Handpicked By The Amoeba Staff

Films selected and reviewed by discerning movie buffs, television junkies, and documentary diehards (a.k.a. our staff).

Tekkonkinkreet

Dir: Micheal Arias, 2006. Rated R. Anime.

Welcome to Treasure Town. It's an old and fading fantasy town quietly disappearing under the spread of modern Japan. But it doesn't stand alone. Black and White, two street orphans, rule Treasure Town with all the charm and wild crazy that every classic Peter Pan deserves. Don't confuse these cats with Disney's version. These lost boys live just this side of lunacy but are not without heart.

Change arrives like a slow earthquake and soon they are battling real gansters, alien assassins and urban development. Truth is a major player here and gives the fantastical its impact. Mythology explodes from every corner of this tale and threatens to trample our heroes, who are only children after all, into the dark recesses that inevitably follow change.

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Posted by:
Jessica Kaman
Nov 17, 2007 5:22pm

Follow The Fleet

Dir: Mark Sandrich, 1936. Starring: Fred Astaire, Ginger Rogers, Randolph Scott, Harriett Hilliard. English. Musical.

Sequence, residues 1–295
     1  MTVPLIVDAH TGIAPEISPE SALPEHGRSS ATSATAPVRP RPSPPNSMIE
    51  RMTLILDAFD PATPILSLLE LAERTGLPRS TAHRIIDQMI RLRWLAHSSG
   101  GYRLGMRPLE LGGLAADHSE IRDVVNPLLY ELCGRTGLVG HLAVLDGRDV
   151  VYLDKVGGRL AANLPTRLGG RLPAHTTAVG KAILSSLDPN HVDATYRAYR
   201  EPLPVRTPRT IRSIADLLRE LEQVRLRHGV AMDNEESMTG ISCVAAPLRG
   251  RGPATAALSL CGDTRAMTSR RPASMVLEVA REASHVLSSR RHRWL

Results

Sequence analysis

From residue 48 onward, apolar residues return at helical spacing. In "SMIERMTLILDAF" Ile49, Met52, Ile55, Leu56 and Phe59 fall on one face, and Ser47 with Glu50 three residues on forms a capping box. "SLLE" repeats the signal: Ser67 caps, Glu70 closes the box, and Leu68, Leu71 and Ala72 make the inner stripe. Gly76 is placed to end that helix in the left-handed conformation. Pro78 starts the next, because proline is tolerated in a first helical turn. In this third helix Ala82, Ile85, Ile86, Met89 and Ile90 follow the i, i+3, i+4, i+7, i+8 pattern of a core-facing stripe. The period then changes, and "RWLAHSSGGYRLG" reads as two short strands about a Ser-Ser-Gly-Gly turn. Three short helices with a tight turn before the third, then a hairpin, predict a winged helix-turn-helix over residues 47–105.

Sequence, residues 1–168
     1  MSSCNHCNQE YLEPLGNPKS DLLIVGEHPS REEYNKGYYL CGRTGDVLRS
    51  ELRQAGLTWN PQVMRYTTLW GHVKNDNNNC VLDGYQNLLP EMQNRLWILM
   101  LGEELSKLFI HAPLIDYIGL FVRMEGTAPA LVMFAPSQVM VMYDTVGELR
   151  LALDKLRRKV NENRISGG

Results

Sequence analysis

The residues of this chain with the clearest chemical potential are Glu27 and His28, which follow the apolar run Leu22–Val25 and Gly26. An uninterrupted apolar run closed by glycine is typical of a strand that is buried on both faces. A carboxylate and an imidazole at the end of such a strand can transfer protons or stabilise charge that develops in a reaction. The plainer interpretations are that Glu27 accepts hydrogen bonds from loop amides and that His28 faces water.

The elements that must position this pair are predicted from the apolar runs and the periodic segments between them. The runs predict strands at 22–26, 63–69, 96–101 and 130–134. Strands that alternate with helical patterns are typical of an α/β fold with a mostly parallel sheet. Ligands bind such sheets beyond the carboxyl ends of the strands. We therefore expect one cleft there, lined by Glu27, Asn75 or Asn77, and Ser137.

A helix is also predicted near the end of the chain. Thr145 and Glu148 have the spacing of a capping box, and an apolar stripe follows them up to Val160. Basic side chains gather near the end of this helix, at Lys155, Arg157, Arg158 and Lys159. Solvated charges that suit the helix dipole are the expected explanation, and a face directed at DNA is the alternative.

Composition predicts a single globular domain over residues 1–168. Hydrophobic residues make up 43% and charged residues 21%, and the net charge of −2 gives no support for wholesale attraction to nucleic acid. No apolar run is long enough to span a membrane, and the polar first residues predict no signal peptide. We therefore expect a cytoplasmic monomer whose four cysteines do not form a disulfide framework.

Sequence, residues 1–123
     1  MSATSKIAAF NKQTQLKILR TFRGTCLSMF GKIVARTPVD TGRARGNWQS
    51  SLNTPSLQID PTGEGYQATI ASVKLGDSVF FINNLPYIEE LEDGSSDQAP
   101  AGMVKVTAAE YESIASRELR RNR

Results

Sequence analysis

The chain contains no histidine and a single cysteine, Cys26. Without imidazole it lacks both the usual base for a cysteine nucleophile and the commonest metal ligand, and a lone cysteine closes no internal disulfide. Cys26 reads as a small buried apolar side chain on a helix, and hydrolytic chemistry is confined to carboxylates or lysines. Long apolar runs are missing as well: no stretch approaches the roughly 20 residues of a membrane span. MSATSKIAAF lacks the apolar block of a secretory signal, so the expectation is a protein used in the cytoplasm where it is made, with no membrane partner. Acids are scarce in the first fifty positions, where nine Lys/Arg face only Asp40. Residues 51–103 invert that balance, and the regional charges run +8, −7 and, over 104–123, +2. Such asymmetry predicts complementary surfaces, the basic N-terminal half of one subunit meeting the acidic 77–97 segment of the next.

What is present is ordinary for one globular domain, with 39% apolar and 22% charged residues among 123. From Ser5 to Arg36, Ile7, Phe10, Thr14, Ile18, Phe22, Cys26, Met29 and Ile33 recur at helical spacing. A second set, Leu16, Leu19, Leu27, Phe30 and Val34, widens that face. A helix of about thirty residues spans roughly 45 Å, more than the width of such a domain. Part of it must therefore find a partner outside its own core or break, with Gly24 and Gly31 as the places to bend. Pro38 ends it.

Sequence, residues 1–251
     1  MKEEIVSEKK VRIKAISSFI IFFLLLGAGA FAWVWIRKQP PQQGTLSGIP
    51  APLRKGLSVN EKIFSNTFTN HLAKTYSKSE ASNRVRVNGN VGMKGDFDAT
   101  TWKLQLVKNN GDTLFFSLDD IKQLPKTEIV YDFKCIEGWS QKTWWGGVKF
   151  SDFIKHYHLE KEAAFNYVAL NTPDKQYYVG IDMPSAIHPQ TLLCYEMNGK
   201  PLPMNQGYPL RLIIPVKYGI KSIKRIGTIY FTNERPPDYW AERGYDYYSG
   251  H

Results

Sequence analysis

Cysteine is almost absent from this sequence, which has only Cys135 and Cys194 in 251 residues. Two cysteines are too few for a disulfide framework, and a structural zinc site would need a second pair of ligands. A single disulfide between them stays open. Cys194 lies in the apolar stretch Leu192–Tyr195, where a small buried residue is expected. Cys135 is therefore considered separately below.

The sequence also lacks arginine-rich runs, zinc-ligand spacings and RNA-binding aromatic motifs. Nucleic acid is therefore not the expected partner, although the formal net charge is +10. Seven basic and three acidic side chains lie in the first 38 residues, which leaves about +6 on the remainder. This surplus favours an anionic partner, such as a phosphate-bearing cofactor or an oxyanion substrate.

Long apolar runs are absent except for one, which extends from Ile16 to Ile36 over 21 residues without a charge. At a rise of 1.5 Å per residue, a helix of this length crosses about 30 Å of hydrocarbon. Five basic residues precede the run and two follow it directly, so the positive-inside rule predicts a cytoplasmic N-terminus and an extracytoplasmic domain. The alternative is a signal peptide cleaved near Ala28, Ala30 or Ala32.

Follow the Fleet is not the formula that the Astaire/Rogers team is best known for. He's a sailor, and she's single gal making a living in the busy port of San Fransisco as a dance hall girl. Theirs isn't even the the only love story. Historically it's a piece that goes back a picture to when they were the lovable comic relief playing second fiddle to the more glamorous duo, Irene Dunne and Randolph Scott, in Roberta.

However, Fleet is loaded with adult humor and childish charm. Astaire in a sailor suit is hilarious. He looks so young and tiny compared to the bulky and once again co-lead, Scott, and Rogers seems a little crass standing next to the lithesome beauty of a young Harriet Hilliard (of Ozzie and Harriet fame). However their chemistry and spunk make the other two seem as flat and as interesting as soggy pancakes.

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Posted by:
Jessica Kaman
Nov 17, 2007 5:16pm

Breakfast On Pluto

Dir: Neil Jordon, 2006. Starring: Cillian Murphy, Liam Neeson, Stephen Rea, Gavin Friday, Brendan. English. Comedy/Drama.

First you must know that, to me, men or women in drag are magical creatures - like unicorns. I love them with a wonderment I can't explain or dare not lest I somehow diffuse the potent joy I get just from admiring their mystical powers of fashion and daring.

That said, Breakfast unfolded for me like a rose in the gutter. At first a quaint story of a misfit orphan in an unflinching Irish landscape, it quickly becomes a quixotic journey of a boy/girl in search of love. And the best part is that our hero/heroine, who has always known who he/she is, just becomes more and more himself/herself no matter the hardship or heartache.

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Posted by:
Jessica Kaman
Nov 17, 2007 5:09pm

The Birds

Dir: Alfred Hitchcock, 1963, ca.120 min. Anamorphic widescreen. Too scary for children.